February 14th – otherwise known as Valentine’s Day – is the day the whole world turns pink. Since the holiday has begun to grow in popularity here in Hungary, we have collected some of the legendary loves from the Hungarian literary world: Fanni Gyarmati and Miklós Radnóti, Ágnes Nemes-Nagy and Balázs Lengyel, and Alaine Polcz and Miklós Mészöly.
Fanni Gyarmati & Miklós Radnóti
Fanni Gyarmati, the wife and muse of Miklós Radnóti, one of the greatest Hungarian poets of the 20th century, met her future husband when she was only 14-years-old. Radnóti was the private teacher of ‘Fifi’ as he called her and they fell in love instantly. Literature became the strongest bond between the two, so much so that Fanni even forgave the poet other loves, as the “poems were always between” them. They married in 1935, as Gyarmati put it, still as children, and after just 9 years of marriage, she lost her husband. From 1940, Radnóti was forced into several labor services. He was killed in August 1944 during a forced march, when he was shot and thrown into a mass grave.
After the Second World War and her husband’s death, Fanni took a degree in French and Russian and later became a French and poetry citation teacher at a theater arts college. She won several prizes and received many awards for her work in the fields of literature and education, including the Hungarian Order of Merit. The poet’s early death is also tragic because Fanni had a total of six abortions and, after losing her husband, she never moved from the flat where she lived with Radnóti, located on Pozsonyi street and lived there until she died at the age of 101. According to Fanni’s diary entries, it was difficult for the poet to write and she had to impel him a lot, as well as create existential security for both of them.
Ágnes Nemes-Nagy & Balázs Lengyel
The love of Ágnes Nemes-Nagy, poet and translator, and writer-editor-critic Balázs Lengyel, is also legendary. The two artists met in 1942 through a friend from university, then married in 1944. They lived together for 14 years until 1958. During the Second World War, Balázs Lengyel left the army, hiding in Budapest as a military fugitive and together with Ágnes Nemes Nagy, rescued several Jewish people, for which they both received the “Yad Vashem” Medal from Israel in 1997. In 1957, Balázs Lengyel was arrested by the communists, but they could not prove any political activity. After his release from prison, however, he did not return to his wife, and the pair divorced in 1958.
photo: Fortepan/Hunyady József
Despite their divorce, their intellectual and working relationship and friendship remained until the death of the poet. Rumor has it, when they were both old and sick, Lengyel’s second wife, Vera, accompanied her husband and waited in a café while the former couple talked about literature for hours. During and after their marriage, Nemes-Nagy and Lengyel often worked together. In 1946, for example, they co-founded the ‘Újhold’ (New Moon) magazine. Although the communist regime banned it from publication within a few years, the magazine became a kind of successor to ‘Nyugat’ (West). During the hardest years of the dictatorship, Ágnes Nemes-Nagy almost exclusively translated and wrote for children, as did many of her contemporaries who could not fit into the ideology of the system. In 1986, Nemes-Nagy and her ex-husband restarted ‘Újhold,’ which reached 12 volumes until the death of Ágnes Nemes-Nagy in 1991.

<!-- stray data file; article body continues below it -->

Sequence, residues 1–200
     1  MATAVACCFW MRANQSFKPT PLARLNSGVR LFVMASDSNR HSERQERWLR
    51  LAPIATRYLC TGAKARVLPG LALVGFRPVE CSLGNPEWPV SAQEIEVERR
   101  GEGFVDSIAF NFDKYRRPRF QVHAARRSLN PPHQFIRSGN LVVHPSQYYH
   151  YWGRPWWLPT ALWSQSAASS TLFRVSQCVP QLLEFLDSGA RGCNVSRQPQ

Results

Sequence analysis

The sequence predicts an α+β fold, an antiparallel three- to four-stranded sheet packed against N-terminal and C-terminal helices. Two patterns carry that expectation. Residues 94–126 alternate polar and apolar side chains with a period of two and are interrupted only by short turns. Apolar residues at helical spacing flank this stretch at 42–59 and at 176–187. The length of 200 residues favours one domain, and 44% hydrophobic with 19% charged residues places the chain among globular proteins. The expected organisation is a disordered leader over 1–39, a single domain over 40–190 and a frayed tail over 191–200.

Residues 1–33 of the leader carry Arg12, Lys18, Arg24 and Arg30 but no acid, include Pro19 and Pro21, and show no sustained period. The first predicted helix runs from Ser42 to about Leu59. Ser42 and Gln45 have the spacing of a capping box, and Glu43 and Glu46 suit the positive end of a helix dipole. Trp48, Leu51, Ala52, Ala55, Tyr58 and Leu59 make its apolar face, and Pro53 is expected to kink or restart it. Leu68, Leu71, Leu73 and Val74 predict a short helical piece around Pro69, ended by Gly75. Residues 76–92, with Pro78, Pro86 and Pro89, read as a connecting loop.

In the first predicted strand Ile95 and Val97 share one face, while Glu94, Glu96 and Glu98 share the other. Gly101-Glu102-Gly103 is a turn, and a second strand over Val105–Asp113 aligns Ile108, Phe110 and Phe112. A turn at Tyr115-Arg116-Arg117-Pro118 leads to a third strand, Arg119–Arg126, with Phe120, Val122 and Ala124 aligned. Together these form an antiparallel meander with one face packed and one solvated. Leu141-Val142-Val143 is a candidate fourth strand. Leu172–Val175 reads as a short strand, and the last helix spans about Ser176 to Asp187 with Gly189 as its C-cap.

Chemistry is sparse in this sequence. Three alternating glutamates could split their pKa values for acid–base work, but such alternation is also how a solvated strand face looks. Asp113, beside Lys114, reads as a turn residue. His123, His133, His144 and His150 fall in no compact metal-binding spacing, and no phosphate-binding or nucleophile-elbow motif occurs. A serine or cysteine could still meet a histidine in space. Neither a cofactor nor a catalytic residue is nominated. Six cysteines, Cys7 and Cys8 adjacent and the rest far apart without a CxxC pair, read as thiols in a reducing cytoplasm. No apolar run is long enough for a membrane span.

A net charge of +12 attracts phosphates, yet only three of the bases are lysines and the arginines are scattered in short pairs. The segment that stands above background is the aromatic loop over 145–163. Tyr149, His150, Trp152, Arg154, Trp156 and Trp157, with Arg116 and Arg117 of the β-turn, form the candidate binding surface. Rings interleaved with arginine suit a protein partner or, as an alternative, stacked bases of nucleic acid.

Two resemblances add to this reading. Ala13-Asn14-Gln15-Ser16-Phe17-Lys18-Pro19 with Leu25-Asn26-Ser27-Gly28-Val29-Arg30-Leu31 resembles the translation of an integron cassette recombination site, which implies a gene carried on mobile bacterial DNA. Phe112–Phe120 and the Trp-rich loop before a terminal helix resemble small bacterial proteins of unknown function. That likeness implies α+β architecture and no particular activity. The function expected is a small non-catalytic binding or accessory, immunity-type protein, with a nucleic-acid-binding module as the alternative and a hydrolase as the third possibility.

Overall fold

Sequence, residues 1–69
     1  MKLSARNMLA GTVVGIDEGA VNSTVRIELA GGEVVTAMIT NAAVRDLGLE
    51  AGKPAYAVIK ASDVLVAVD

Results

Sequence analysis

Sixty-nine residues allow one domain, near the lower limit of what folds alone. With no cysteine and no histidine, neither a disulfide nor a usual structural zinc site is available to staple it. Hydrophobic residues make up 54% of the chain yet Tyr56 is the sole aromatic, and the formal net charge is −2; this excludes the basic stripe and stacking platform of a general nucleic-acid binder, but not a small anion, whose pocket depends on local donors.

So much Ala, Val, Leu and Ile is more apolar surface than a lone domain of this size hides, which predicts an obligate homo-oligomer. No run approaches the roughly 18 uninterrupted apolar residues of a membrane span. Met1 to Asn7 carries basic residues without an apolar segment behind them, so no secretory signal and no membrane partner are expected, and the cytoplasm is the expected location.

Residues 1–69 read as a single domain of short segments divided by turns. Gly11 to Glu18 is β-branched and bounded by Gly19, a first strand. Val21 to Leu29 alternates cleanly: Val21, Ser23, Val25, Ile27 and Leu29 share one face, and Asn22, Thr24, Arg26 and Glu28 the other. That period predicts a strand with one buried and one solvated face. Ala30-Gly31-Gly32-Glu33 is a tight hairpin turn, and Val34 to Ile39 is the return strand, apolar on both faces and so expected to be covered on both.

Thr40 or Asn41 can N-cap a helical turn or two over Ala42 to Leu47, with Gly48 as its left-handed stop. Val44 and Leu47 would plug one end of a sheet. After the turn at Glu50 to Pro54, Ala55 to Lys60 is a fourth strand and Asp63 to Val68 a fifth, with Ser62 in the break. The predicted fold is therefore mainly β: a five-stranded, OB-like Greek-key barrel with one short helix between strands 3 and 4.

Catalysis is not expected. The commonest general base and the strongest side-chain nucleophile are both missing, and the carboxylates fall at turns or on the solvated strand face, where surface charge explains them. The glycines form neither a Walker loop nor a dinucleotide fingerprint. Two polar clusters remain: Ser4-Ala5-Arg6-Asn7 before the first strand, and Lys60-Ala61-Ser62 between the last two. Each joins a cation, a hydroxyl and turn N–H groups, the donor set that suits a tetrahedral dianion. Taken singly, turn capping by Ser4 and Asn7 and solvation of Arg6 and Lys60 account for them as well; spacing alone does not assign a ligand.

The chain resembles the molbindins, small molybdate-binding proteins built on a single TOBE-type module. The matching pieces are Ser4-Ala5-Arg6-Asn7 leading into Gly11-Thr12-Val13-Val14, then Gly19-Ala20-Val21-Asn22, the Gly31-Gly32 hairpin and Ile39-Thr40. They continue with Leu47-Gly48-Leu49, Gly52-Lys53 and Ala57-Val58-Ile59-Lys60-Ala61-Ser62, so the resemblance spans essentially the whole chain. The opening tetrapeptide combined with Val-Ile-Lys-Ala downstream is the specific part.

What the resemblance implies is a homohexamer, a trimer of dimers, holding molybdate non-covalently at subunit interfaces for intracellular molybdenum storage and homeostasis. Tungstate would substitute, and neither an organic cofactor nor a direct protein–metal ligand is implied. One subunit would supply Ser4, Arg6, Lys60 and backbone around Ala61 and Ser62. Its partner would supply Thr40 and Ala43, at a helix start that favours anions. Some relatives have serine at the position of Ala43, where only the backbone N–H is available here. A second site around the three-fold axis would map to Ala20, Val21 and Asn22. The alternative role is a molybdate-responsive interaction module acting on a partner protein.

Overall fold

from left to right: Tamás Kiss Tamás, Miklós Mészöly, Alaine Polcz, László Kálnoky, Ágnes Nemes Nagy and Balázs Lengyel in Szigliget 1954 (photo: PIM/Kálnoky)
Alaine Polcz & Miklós Mészöly
Another legendary love in the XX century Hungarian literature world is the one of Alaine Polcz and Miklós Mészöly, close friends of the Nemes-Nagy & Lengyel couple. Author István Örkény called the pair the most beautiful couple. Alaine Polcz and Miklós Mészöly were married in 1949 and lived together for 52 years until Mészöly’s death. Mészöly was 28 and Polcz 27, when she walked into the Darling Café in 1948 and they fell in love with each other at first sight. By this time, Polcz was already married and divorced, while during the Second World War, she was repeatedly raped by Russian soldiers. In addition to the traumas she experienced, she carried the physical traces of what happened throughout her life in her many illnesses as well as infertility. She wrote of her trauma in her memoir entitled ‘Woman on the Front.’ During the war, Miklós Mészöly returned home as a military fugitive, then worked as a blue-collar worker for many years. Polcz spent about eighty percent of their first years together in and out of the hospital.
When she was not ill, she worked as a psychologist, and wrote puppet plays with her husband. She was one of the first Hungarian scholars of thanatology (the study of mourning and death), the founder of the Hospice Foundation, which facilitated the last days of many, while she also perfectly fulfilled the role of writer-wife to Miklós. Her husband had innumerable loves during their marriage. They moved away from each other several times, but they eventually went back to each other again, and the pair lived together for 52 years. Alaine took care of her husband during the years of Mészöly’s serious illness, and when he fell into a coma in 2001, she fought the doctors to let her husband die with dignity. She followed Miklós six years later, in 2007.